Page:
Genome-scale ChIP-chip analysis using 10,000 human cells.
ABSTRACT: The technique of chromatin immunoprecipitation (ChIP) is a powerful method for identifying in vivo DNA binding sites of transcription factors and for studying chromatin modifications. Unfortunately, the large number of cells needed for the standard ChIP protocol has hindered the analysis of many biologically interesting cell populations that are difficult to obtain in large numbers. New ChIP methods involving the use of carrier chromatin have been developed that allow the one-gene-at-a-time analysis of very small numbers of cells. However such methods are not useful if the resultant sample will be applied to genomic microarrays or used in ChIP-sequencing assays. Therefore, we have miniaturized the ChIP protocol such that as few as 10,000 cells (without the addition of carrier reagents) can be used to obtain enough sample material to analyze the entire human genome. We demonstrate the reproducibility of this MicroChIP technique using 2.1 million feature high-density oligonucleotide arrays and antibodies to RNA polymerase II and to histone H3 trimethylated on lysine 27 or lysine 9.
Project description:Genome-wide location analysis of histone modifications and transcription factor binding relies on chromatin immunoprecipitation (ChIP) assays. These assays are, however, time-consuming and require large numbers of cells, hindering their application to the analysis of many interesting cell types. We report here a fast microChIP (muChIP) assay for 1,000 cells in combination with microarrays to produce genome-scale surveys of histone modifications. muChIP-chip reliably reproduces data obtained by large-scale assays: H3K9ac and H3K9m3 enrichment profiles are conserved and nucleosome-free regions are revealed.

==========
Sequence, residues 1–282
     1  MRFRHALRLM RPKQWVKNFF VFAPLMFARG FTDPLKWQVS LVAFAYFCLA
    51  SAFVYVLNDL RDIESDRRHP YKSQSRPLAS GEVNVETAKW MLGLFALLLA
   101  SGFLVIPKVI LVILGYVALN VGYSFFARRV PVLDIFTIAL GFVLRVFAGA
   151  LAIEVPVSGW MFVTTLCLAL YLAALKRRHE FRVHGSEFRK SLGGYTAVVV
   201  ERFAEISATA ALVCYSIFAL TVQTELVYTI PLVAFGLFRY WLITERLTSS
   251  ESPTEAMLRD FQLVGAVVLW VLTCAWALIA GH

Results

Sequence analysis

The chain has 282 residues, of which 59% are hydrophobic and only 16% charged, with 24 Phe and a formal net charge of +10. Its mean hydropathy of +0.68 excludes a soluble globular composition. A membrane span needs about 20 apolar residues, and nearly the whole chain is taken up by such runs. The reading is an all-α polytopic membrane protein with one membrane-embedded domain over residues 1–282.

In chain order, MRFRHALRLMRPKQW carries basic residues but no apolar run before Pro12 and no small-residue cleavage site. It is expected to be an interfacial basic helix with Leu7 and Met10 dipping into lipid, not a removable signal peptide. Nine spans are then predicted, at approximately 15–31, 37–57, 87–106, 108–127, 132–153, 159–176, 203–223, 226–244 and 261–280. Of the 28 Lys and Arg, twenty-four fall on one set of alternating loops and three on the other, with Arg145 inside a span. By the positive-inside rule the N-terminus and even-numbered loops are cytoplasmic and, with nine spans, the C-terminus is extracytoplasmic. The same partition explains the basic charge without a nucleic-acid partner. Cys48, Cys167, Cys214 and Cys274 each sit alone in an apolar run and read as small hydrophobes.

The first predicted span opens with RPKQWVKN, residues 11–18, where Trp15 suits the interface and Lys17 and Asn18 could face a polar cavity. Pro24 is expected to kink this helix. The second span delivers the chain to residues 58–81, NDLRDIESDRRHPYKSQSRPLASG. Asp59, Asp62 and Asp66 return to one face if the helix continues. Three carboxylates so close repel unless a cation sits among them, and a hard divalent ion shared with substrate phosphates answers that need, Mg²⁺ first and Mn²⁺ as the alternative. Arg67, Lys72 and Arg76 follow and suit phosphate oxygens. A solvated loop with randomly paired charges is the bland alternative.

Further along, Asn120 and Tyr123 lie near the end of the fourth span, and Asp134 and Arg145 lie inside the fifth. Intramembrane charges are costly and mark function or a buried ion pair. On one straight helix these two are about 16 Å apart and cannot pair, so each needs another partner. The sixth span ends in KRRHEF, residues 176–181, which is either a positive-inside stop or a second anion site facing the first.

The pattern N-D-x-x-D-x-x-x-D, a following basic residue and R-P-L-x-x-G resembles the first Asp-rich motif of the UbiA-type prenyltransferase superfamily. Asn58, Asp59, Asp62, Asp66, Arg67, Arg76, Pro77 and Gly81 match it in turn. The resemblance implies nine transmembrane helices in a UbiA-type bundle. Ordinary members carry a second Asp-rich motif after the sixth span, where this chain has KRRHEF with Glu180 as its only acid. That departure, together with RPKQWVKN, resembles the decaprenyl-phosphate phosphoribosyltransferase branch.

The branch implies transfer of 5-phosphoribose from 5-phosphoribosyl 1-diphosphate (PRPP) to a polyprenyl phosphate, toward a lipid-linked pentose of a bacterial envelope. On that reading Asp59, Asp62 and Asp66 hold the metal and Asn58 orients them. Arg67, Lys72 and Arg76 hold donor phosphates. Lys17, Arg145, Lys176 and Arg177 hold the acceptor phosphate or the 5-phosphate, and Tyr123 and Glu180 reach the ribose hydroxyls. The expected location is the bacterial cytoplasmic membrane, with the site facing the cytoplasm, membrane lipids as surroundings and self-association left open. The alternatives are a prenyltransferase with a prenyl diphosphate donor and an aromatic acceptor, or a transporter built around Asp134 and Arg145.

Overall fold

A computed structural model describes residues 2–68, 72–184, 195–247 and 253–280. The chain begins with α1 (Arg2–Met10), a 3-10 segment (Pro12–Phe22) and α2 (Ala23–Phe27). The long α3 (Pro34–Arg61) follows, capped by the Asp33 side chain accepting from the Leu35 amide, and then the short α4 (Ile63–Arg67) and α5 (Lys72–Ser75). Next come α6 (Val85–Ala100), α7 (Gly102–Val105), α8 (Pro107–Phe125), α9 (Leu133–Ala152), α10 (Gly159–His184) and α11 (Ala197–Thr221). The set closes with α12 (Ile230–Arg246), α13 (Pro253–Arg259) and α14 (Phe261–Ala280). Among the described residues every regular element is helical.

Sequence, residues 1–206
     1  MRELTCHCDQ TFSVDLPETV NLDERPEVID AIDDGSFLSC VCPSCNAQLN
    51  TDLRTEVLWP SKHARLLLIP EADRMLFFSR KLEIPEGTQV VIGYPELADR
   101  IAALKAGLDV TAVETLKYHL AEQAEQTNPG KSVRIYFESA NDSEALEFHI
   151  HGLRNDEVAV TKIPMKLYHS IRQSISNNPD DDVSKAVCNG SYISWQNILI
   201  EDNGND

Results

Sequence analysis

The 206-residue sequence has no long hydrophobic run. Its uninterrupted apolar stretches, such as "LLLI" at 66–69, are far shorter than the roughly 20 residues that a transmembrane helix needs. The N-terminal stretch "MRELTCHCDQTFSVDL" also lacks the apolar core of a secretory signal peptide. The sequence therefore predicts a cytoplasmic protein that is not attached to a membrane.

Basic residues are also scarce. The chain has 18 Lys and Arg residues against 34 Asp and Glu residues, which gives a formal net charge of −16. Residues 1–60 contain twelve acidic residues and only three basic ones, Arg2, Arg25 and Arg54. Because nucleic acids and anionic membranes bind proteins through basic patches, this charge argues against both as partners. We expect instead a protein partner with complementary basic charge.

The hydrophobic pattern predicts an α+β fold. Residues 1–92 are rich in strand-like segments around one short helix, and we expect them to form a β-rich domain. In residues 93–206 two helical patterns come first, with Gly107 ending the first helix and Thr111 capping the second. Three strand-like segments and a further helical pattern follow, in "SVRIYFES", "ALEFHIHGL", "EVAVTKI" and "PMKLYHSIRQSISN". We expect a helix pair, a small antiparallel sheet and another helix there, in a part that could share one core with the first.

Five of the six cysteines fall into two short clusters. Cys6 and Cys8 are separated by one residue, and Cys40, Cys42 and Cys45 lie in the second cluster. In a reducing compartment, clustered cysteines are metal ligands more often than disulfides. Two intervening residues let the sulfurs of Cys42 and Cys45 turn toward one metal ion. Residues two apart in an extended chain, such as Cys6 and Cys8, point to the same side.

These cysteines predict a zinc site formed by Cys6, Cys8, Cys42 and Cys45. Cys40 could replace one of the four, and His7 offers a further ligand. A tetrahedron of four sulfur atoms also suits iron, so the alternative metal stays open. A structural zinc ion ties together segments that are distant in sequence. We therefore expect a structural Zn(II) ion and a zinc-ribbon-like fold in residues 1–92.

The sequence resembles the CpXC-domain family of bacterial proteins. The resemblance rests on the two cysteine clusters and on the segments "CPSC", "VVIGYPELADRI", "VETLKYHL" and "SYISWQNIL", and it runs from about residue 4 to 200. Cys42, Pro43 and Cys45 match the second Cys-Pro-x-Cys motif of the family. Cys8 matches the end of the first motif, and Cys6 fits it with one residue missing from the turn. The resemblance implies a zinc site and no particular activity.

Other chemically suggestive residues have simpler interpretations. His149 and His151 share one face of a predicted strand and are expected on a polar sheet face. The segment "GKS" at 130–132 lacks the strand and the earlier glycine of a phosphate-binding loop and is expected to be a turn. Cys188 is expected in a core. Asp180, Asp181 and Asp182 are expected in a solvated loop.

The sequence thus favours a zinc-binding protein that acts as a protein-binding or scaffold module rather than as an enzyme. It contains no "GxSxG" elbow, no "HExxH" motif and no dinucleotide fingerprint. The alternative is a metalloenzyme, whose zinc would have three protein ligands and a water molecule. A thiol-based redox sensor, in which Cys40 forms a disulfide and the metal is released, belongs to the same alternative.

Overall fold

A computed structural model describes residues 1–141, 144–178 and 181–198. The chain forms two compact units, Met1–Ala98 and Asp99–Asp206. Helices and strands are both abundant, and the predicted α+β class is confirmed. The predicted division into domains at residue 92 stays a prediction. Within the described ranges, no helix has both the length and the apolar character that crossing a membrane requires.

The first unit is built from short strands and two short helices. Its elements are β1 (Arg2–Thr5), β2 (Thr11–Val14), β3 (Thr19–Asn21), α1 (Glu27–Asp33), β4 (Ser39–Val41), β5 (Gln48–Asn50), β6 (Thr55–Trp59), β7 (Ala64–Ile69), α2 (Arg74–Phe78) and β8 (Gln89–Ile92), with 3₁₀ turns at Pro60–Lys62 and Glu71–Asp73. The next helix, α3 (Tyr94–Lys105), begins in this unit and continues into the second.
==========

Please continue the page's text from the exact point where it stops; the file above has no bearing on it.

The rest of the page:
Project description:Much effort has been devoted to understand how chromatin modification regulates development and disease. Despite recent progress, however, it remains difficult to obtain high-quality epigenomic maps using chromatin-immunoprecipitation-coupled deep sequencing (ChIP-seq) in samples with low-cell numbers. Here, we present an Atlantis dsDNase-based technology, aFARP-ChIP-seq, that provides accurate profiling of genome-wide histone modifications in as few as 100 cells. By mapping histone lysine trimethylation (H3K4me3) and acetylation (H3K27Ac) in group I innate lymphoid cells (ILC1) sorted from different tissues in parallel, aFARP-ChIP-seq uncovers putative active promoter and enhancer landscapes of several tissue-specific Natural Killer cells (NK) and ILC1. aFARP-ChIP-seq is also highly effective in mapping transcription factor binding sites in small number of cells. Thus, aFARP-ChIP-seq offers multiplexing mapping of both epigenome and transcription factor binding sites using a small number of cells.